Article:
Scientific Colloquium
June 8, 2007

"New View of the Plasmasphere:  Results From IMAGE EUV"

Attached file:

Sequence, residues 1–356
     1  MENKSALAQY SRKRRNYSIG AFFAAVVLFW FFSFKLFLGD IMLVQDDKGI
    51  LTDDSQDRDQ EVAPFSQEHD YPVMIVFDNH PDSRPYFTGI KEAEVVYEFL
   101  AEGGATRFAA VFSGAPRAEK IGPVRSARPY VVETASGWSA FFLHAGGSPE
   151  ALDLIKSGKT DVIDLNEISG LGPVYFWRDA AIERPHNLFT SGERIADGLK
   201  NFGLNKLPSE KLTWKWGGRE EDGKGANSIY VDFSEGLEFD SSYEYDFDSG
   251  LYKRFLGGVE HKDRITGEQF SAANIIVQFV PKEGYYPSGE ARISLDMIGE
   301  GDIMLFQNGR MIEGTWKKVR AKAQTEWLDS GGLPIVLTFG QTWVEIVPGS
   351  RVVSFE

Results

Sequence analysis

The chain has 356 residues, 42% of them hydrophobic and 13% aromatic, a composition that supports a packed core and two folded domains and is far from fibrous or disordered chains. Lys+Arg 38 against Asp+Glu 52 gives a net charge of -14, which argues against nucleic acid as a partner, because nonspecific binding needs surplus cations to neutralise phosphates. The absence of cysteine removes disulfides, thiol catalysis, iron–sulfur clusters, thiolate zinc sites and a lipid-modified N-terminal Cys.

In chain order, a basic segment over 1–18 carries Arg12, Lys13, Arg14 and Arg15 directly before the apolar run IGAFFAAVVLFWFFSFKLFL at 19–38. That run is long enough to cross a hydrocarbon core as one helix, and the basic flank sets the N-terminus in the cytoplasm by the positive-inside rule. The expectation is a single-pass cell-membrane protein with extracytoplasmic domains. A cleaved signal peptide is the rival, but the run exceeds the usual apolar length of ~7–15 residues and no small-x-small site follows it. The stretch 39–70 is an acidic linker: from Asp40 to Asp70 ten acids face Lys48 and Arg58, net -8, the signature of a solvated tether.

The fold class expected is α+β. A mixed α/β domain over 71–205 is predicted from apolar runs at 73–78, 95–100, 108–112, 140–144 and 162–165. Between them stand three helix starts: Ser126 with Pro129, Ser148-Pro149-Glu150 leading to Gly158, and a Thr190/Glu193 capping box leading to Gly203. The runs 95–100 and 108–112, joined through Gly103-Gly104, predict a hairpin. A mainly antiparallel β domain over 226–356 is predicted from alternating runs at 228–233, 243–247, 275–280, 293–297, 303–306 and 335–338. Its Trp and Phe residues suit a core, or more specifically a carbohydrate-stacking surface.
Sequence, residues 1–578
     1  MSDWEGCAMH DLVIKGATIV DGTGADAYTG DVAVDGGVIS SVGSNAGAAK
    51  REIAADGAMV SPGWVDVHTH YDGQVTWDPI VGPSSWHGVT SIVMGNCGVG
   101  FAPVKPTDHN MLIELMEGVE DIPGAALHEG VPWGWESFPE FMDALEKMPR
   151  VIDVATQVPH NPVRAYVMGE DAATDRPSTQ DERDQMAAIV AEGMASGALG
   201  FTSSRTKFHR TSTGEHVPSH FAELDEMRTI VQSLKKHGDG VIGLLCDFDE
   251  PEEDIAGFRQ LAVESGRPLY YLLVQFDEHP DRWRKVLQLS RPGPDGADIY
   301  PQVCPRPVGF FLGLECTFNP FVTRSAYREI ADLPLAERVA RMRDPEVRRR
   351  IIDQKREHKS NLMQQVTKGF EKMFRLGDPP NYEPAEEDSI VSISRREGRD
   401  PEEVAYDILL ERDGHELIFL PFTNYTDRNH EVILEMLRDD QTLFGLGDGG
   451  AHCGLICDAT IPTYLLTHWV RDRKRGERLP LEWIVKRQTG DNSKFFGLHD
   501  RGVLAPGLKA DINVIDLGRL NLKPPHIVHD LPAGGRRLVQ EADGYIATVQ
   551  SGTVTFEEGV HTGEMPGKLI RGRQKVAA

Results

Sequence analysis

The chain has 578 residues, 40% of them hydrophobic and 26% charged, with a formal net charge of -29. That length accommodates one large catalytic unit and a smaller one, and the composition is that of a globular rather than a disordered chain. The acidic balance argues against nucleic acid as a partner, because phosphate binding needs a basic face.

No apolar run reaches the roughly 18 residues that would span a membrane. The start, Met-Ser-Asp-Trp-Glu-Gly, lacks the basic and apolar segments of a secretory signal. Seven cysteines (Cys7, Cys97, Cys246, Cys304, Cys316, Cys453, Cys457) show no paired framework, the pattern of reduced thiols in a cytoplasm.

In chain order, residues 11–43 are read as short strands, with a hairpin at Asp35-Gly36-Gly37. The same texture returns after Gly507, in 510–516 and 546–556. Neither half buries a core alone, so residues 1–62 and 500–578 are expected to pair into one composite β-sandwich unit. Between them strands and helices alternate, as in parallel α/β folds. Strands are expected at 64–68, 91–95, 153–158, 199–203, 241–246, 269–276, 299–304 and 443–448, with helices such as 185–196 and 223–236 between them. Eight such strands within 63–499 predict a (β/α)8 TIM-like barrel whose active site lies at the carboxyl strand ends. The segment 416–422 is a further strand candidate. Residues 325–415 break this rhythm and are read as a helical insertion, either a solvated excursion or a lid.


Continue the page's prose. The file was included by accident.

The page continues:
In 2000, the extreme ultraviolet (EUV) imager onboard NASA's IMAGE satellite ushered in a new era for the plasmasphere, the relatively dense and cold plasma region at the innermost edge of the Earth's magnetosphere.  For decades after its discovery, the plasmasphere was largely believed to be a relatively placid, passive component of the inner magnetosphere-ionosphere system.  Starting in 2000, global images obtained by IMAGE EUV began to reveal the critical role of the plasmasphere in the energization and loss of more energetic particle populations such as the ring current and outer radiation belt.  Results from IMAGE EUV have also demonstrated that storm-time erosion of the plasmasphere is a significant space weather influence, leading to increased radiation levels and interference with GPS signals used for navigation.  Seven years after IMAGE was launched, the new view of the plasmasphere is of a dynamic region intimately connected to the fate of other particle populations.

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